In both humans and animals, chronic ultraviolet (UV) light exposure plays an important etiologic role in the development of cutaneous SCC. 3-4,10-11,13 Solar elastosis is a non-neoplastic UV-induced lesion commonly observed in poorly-pigmented skin of horses and humans with or without SCC. It is defined as an accumulation of abnormal elastin in the dermis and is histologically characterized by aggregates of thick interwoven elastic fibers mixed with degenerate collagen within the superficial to mid dermis as observed in our case. The pathogenesis of elastin accumulation is unclear, but is often seen in poorly pigmented or non-pigmented skin with chronic UV exposure, or in conjunction with other solar induced changes such as solar (actinic) keratosis, epidermal plaques, and SCC.  In horses, solar-associated SCC has been reported in the conjunctiva, eyelid, and vulvar epithelium, and is morphologically similar to solar-induced SCC in humans, often exhibiting solar elastosis within or adjacent to the neoplasm.3 Chronic UV-exposure evidenced by solar elastosis has been observed in human cases of clear cell SCC, and is hypothesized to play a role in the development of the disease.13 The solar elastosis observed in our case parallels that of human clear cell SCC, and suggests that chronic UV exposure may play an etiologic role in the development of clear cell SCC in horses as well.

Contributing Institution:

Michigan State University Veterinary Diagnostic Laboratory and Department of Pathobiology and Diagnostic Investigation, College of Veterinary Medicine, Michigan State University, East Lansing, MI, USA

Diagnosis:   Haired skin, eyelid:  Squamous cell carcinoma, clear cell variant.

JPC Comment:   This is a unique neoplasm in the experience of the JPC Vet Path Service.  Since the original submission of this case, it has been published as a case report in the Journal of Veterinary Diagnostic Investigation.17

This case was reviewed by human subspecialty pathologists at the JPC, who rendered the following consultation – “Interesting case.  Based on morphology, we believe a lot of the clear cells are cytologically bland and there are areas of definite tubular differentiation, favoring a malignant clear cell hidradenoma.  Additional myoepithelial stains would favor an adnexal origin rather than squamous cell carcinoma.  Less likely would be a metastatic clear cell carcinoma such as metastatic renal cell carcinoma18.  This is not favored based on morphology, but there seems to be co-expression of vimentin and cytokeratin in the section that we reviewed.”   

Hidradenoma, a term far more commonly used in human rather than veterinary pathology, generally refers to neoplasms of eccrine sweat glands, which the moderator pointed out are not present in the horse (except in the portion of the hoof known as the frog).  More recent investigations into the etiology of hidradenomas in humans have postulated potential origins from apocrine sweat glands as well.) 

The consensus of the attendees is that while there is a focus of tubular differentiation of neoplastic cells at the deep margin, the predominant form of differentiation is toward a squamous cell morphology, and agree with the contributor’s diagnosis in this case.  In addition, areas of solar elastosis were noted in the superficial dermis, lending credence to the contributor’s suggestion that is represents a neoplasm induced by chronic UV exposure.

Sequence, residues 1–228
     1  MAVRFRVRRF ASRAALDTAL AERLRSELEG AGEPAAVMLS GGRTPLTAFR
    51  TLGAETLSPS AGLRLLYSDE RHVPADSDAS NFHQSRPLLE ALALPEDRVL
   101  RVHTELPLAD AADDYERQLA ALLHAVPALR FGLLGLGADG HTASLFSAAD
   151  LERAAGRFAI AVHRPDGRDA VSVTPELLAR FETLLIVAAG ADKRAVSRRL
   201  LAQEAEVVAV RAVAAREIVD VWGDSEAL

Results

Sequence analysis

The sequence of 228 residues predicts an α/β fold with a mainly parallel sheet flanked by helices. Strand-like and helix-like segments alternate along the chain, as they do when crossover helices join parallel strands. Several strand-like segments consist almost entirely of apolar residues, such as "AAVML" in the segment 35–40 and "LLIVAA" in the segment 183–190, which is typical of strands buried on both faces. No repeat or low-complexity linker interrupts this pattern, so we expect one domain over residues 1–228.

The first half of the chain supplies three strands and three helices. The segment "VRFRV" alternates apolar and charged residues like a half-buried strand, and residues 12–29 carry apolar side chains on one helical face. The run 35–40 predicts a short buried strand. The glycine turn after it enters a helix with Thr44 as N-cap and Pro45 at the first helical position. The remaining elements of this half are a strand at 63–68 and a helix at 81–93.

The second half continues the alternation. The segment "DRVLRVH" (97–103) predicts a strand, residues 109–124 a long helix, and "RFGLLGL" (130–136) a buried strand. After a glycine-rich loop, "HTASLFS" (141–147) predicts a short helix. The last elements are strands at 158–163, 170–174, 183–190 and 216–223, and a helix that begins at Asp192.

1. Al-Arashi MY, Byers HR. Cutaneous clear cell carcinoma in situ: clinical, histological and immunohistochemical characterization. J Cutan Pathol. 2006;34:226-233.
  2. Berk DR, Lennerz JK, Bayliss SJ, Lind A, White FV, Kane AA. Mucoepidermoid carcinoma on the scalp of a child. Pediatr Dermatol. 2002; 24:452-453.
  3. Campbell GA, Gross TL, Adams R. Solar elastosis with squamous cell carcinoma in two horses. Vet Pathol.1987;24:463-464.
  4. Corbalán-Vélez R, Ruiz-Macia JA, Brufau C, López-Lozano JM, Martínez-Barba E, Carapeto FJ. Clear cells in cutaneous squamous cell carcinoma. Actas Dermosifiliogr. 2009;100:307-316.
  5. Dugan SJ, Curtis CR, Roberts SM, Severin GA. Epidemiologic study of ocular/adnexal squamous cell carcinoma in horses. J Am Vet Med Assoc. 1991; 198:251–256.
  6. Espinosa de los Monteros A, Aguirre-Sanceledonio M, Ramírez GA, Castro P, Rodríguez F. Signet-ring squamous cell carcinoma in a dog. Vet Rec. 2003;153:90-92.
  7. Goldschmidt MH, Dunstan RW, Stannard AA. Histological classification of epithelial and melanocytic tumors of domestic animals. In: Schulman FY, ed. World Health Organization International Histological Classification of Tumors of Domestic Animals. Washington DC: Armed Forces Institute of Pathology 1998.
  8. Jabara AG, Finnie JW. Four cases of clear-cell hidradenocarcinomas in dogs. J Comp Pathol .1978;88:525-532.
  9. Kuo T. Clear cell carcinoma of the skin. A variant of the squamous cell carcinoma that simulates sebaceous carcinoma. Am J Surg Pathol. 1980;4:573–83.
  10. Lawal AO, Adisa AO, Olajide MA, Olusanya AA. Clear cell variant of squamous cell carcinoma of skin: A report of a case. J Oral Maxillofac Pathol. 2013;17:110-112.
  11. Rashid A, Jakobiec FA, Mandeville JT. Squamous cell carcinoma with clear-cell features of the palpebral conjunctiva. JAMA Opthalmol. 2014;132:1019-1021.
  12. Montiani-Ferreira F, Kiupel M, Muzolon P, Truppel J. Corneal squamous cell carcinoma in a dog: a case report. Vet Ophthalmol. 2008;11:269-272.
  13. Rinker MH, Fenske NA, Scalf LA, Glass LF. Histologic variants of squamous cell carcinoma of the skin. Cancer Control. 2001;8:354-363.
  14. Schuh JCL, Valentine BA. Equine basal cell tumors. Vet Pathol 1987;24:44-49.
  15. Schulman FY, Lipscomb TP, Atkin TJ. Canine cutaneous clear cell adnexal carcinoma: histopathology, immunohistochemistry, and biologic behavior of 26 cases. J Vet Diagn Invest. 2005;17:403-411.
  16. Schwink K. Factors influencing morbidity and outcome of equine ocular squamous cell carcinoma. Equine Vet J. 1987;19:198–200.
  17. Stein L, Sledge D, Smedley R, Kiupel M, Thaiwong T.  Squamous cell carcinoma with clear cell differentiation in an equine eyelid.  J. Vet Diagn Invest.  2019; 259-262. 
  18. Williams JC, Heaney JA. Metastatic renal cell carcinoma presenting as a skin nodule: case report and review of the literature. J Urol. 1994;152:2094–2095.

Click the slide to view.

2-1. Eyelid, horse.

2-2. Eyelid, horse.

2-3. Eyelid, horse.

2-4. Eyelid, horse.